By: WBG, LLP Published: June 2011

The Pitfalls Of Stopping The Work For Nonpayment

The majority of cases regarding abandonment of work occur after a dispute over payment. A contractor or subcontractor is justified in stopping the work for nonpayment if there is a substantial delay in making a substantial progress payment. In such instance, the nonpayment constitutes a material breach of contract. But contractors should proceed with caution prior to taking drastic action such as stopping the work.

Contractors who consider abandoning a job should make sure that they follow the requisite provisions of the contract prior to stopping work.

In the recent case of Zip Sys., Inc. v. Lettire Constr. Corp., the court ruled that a subcontractor wrongfully abandoned the work for nonpayment because he failed to comply with the notice of termination provisions of the subcontract.


Zip Systems, Inc., as subcontractor, entered into a contract with Lettire Construction Corp. to install elevators at the "Honeywell II" project, located in the Bronx. The subcontract called for periodic payment requisitions as the work progressed. The first payment application was timely paid. The second payment application, made on February 5, 2008, was not paid until June 24, 2008. The third payment application was made in September 2008 for $193,500, was partially paid on October 31, 2008 in the amount of $85,000, and was never paid in full. The subcontractor stopped work on December 1, 2008 and sent a letter on the same day stating that it would not return until it received payment. The subcontractor then sued the general contractor for the balance due, and moved for summary judgment.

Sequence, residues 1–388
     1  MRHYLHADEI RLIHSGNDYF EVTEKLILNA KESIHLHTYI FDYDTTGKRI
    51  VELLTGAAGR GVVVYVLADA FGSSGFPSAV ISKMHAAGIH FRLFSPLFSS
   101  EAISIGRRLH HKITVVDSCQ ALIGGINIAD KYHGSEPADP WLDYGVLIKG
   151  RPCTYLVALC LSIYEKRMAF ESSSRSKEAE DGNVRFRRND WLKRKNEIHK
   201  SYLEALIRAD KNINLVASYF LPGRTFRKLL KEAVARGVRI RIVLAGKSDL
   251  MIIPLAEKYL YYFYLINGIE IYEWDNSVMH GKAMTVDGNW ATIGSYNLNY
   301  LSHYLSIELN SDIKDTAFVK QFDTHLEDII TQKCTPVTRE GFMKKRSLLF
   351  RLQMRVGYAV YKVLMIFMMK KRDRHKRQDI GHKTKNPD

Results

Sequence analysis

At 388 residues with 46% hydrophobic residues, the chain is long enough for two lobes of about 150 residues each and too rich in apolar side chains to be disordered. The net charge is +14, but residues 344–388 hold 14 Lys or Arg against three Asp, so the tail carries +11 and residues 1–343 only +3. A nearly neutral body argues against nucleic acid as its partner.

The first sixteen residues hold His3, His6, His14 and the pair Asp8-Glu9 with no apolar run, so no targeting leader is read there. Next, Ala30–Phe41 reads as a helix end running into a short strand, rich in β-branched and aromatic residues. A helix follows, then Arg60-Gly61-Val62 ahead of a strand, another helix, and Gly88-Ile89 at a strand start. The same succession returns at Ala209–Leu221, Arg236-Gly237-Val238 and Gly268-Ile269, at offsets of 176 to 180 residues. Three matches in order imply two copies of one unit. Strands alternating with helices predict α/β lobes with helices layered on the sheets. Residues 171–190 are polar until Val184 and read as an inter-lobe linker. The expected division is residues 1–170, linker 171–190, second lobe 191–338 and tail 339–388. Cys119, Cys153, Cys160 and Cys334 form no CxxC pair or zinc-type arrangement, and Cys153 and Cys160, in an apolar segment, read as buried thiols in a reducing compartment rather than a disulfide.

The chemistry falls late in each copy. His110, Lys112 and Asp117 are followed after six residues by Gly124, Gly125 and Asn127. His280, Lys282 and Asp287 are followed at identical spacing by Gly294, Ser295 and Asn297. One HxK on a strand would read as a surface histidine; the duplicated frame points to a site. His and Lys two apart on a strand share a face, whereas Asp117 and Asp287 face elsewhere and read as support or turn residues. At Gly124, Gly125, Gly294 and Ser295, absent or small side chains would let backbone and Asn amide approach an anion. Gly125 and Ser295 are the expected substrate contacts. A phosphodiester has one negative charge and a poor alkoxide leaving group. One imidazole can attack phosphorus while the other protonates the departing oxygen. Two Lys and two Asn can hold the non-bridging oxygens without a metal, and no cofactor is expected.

In opposition, the general contractor argued that the subcontractor breached the contract by failing to follow the contractual procedure for stopping work. Under the contract, the subcontractor was required to send a written notice not earlier than seven days after payment became due, advising that if payment was not received within seven days of the written notice, the subcontractor would stop work. Alternatively, the contract permitted the subcontractor to stop work sixty days after nonpayment. Under either provision, the contractor argued that the subcontractor improperly abandoned the work since the proper notice was not sent and payment was not sixty days past due.

In addition to opposing the subcontractor’s summary judgment motion, the general contractor made its own motion for summary judgment, arguing that it incurred $31,000 in extra costs to complete the subcontractor’s work.


The court ruled in favor of the general contractor. The court focused on the language of the parties' contract, which set forth the terms under which the subcontractor was permitted to stop its work. The court ruled that the subcontractor wrongfully abandoned the project and breached the subcontract because it failed to comply with the contract terms prior to stopping the work for nonpayment. Since the subcontractor breached the agreement, the general contractor was entitled to the fair market value of the excess costs incurred in completing the subcontractor's work.


There are a number of factors that a contractor should weigh in deciding whether to stop its work. How much work is left? How much is owed? How long past due is the debt? What are the contract provisions for stopping the work? In this case, an otherwise valid debt due was waived on account of the subcontractor’s failure to comply with the work stoppage provisions of its contract. To make matters worse for the subcontractor, rather than recovering monies due to him, the subcontractor was held responsible for the general contractor’s excess completion costs.

The decision whether to "walk off the job" should never be taken lightly. Although it rarely occurs, there are times when abandonment is the best alternative despite the inherent risks. The decision, however, should only be made after consultation with legal counsel.

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